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Commission invests heavily in Tampa area athletes

Tribune staff
Published: October 15, 2013 Updated: October 16, 2013 at 09:44 AM
The East-West High School All-Star Football game is one event the Tampa Bay Sports Commission holds to help prep athletes. SCOTT PURKS/STAFF

TAMPA — The Tampa Bay Sports Commission is responsible for bringing the Super Bowl to Tampa — twice.

The organization also secured early rounds of the NCAA men's basketball tournament, the NCAA women's basketball Final Four and many other events that have made significant social and economic impacts on the Tampa Bay area.

There is one contribution, however, the non-profit organization makes that sometimes goes unnoticed.

During the past decade, the Tampa Bay Sports Commission has invested heavily in the growth of Hillsborough County's high school athletics, providing opportunities and training to help athletes reach their potential and perhaps, earn college scholarships.

In football, boys and girls basketball, baseball, softball and girls volleyball, the sports commission partners with groups to hold yearly combines that test and measure a student-athlete's ability. College coaches and scouts attend the combines and the data is made accessible to college programs throughout the country.

In addition to the combines, the sports commission helps organize and sponsor the annual high school football all-star game at Raymond James Stadium, the Hillsborough County Small College Football Recruiting Fair and the Wilkes & McHugh United Negro College Fund All-Star High School Basketball Classic.

“The credit should go to the vision and investment of the Hillsborough County Board of County Commissioners for seeing the incredible impact that can be made for our local kids,” said Rob Higgins, executive director of the Tampa Bay Sports Commission. “It's the county's commitment to our programs that has been the driver for allowing us to help local kids get several hundred college scholarships during the last decade.

“By working with Hillsborough County School District Athletic Director Lanness Robinson to leverage our Board of County Commissioners' investment, we've been able to make a huge difference in increasing the scholarship exposure of our local student-athletes that aren't necessarily at the top tier of the recruiting radar.”

Higgins said roughly $140,000 per year is designated toward funding the high school events. Through a public-private partnership, approximately $95,000 is allocated out of the Hillsborough County general budget and the remaining funding comes from private partners, such as the Glazer Family Foundation, Under Armour and Bright House Sports Network.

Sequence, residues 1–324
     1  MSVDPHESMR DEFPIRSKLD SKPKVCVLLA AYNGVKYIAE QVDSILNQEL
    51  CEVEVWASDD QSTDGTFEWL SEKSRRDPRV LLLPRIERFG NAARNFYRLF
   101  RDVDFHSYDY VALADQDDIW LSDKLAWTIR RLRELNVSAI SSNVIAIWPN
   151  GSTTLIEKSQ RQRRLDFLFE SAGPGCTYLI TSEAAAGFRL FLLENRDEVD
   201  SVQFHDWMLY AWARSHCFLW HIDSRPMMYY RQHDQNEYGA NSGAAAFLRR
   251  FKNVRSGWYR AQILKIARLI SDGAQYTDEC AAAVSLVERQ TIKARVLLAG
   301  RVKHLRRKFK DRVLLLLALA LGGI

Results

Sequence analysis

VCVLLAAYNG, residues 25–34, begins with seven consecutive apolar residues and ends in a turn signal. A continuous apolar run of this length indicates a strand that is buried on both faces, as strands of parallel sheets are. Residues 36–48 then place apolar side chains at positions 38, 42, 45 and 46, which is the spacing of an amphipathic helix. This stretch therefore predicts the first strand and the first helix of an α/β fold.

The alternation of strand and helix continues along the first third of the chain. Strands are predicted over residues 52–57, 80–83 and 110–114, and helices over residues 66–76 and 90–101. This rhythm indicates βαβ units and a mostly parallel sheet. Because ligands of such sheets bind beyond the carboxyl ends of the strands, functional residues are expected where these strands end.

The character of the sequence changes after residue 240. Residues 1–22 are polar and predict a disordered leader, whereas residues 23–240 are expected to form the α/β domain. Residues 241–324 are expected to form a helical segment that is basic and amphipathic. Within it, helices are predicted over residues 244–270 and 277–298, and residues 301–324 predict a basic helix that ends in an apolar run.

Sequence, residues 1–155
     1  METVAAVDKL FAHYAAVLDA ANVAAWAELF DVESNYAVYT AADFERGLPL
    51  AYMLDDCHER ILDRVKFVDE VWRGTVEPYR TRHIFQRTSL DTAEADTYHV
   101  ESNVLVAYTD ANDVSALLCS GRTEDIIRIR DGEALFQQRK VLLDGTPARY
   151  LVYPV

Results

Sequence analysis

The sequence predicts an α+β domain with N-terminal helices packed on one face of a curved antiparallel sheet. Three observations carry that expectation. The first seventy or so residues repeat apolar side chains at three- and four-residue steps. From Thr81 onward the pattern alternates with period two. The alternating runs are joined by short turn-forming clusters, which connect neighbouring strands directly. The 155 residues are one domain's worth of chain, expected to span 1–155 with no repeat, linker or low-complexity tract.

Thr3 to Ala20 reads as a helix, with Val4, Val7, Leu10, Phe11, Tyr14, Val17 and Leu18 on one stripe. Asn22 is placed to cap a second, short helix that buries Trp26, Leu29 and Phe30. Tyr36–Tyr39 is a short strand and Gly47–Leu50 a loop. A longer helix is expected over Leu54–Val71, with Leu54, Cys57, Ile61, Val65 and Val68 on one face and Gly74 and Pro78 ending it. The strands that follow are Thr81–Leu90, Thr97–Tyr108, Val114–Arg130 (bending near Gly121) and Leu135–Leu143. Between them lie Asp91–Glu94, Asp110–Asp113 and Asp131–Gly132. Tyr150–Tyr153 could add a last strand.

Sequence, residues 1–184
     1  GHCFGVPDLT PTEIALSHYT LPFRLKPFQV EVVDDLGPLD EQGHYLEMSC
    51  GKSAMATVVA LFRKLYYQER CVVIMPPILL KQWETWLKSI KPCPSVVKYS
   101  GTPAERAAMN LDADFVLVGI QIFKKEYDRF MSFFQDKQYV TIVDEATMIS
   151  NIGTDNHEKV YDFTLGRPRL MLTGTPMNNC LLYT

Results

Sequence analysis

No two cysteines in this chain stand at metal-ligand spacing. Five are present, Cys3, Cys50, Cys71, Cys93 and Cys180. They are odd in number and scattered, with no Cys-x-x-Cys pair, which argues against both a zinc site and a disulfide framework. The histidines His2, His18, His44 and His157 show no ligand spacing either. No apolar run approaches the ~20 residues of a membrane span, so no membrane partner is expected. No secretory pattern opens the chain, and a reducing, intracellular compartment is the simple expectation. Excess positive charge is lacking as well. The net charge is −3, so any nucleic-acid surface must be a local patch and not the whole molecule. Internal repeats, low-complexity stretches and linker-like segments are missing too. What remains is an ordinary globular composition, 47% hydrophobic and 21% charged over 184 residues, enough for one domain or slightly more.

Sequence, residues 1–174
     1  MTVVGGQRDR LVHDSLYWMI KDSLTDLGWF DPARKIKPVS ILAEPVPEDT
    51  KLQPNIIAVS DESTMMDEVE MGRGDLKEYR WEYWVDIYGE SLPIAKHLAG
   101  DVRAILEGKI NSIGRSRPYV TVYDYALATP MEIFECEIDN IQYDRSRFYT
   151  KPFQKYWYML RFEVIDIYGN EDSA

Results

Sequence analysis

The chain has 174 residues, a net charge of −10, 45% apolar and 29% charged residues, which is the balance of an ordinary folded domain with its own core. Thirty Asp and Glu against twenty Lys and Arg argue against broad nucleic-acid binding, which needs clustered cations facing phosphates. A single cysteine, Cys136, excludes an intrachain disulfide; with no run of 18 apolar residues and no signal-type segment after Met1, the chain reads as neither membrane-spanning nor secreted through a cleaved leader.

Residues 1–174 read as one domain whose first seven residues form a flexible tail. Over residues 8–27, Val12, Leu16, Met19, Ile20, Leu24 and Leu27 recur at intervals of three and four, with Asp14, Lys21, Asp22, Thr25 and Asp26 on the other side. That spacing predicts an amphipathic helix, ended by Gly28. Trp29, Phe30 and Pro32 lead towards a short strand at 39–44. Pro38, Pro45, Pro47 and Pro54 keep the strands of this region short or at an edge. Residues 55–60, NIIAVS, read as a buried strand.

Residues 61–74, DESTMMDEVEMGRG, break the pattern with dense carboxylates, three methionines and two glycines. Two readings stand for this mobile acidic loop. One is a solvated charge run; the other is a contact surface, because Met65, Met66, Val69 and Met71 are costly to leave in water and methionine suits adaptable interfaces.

Higgins believes the county's approach toward helping its high school athletes is unmatched around the U.S.

“These type of events, whether it's the combine or all-star game or recruiting fair, it really helps those families who are less fortunate and need help the most,” said Ken Hagan, chair of the Hillsborough County Board of Commissioners and a Chamberlain High grad who went on to play baseball at the University of Florida.

“The D-I athletes are going to have their opportunities. So many of the Division II, D-III and NAIA athletes end up being those who don't have financial resources to play in national tournaments and combines. It gives incredible opportunities to showcase their abilities to get a college education. I can't think of anything else we could do to help our families in communities more than educate our children.”

At the 10th edition of the small college recruiting fair held at Jefferson High in February, 45 colleges coaches and representatives from NCAA Division II schools, as well as NAIA and junior colleges programs, met with roughly 300 senior high school football players.

“With the recruiting fair, more kids get opportunities than kids that are offered by the Division I schools,” said East Bay football coach Frank LaRosa, whose school was the original host site of the fair. “It's a great thing. A lot of kids want to continue to play football. But what's most important is that college degree.”

During the fair, many athletes walk away with scholarship offers, while others sign letters-of-intent on the spot.

“We've had a lot of success placing kids here at East Bay in schools across the country from the recruiting fair,” LaRosa said. “Four seniors from last year are now freshmen at colleges they saw at the recruiting fair.”

In June at the University of Tampa, the ninth annual Tampa Bay High School Football Combine attracted 200 participants. All athletes received a combine video of their performance to be used in their recruiting process.

The baseball combine at Jesuit High in November hosted 50 prospects from Hillsborough County with five college coaches in attendance.

The volleyball combine in April took place at the Tampa Convention Center and featured 42 student-athletes from Hillsborough County showcasing their talents in front of eight college coaches.

The sports commission also has partnered with other organizations to stage showcases in basketball and softball.

Mike McManamey, the Florida director of Southeast Basketball Acadmey, which held the basketball showcase in September, said the sports commission's contribution brings legitimacy to the event.

“It's helping put Hillsborough County and Tampa Bay on the map as far as a recruiting area,” he said.

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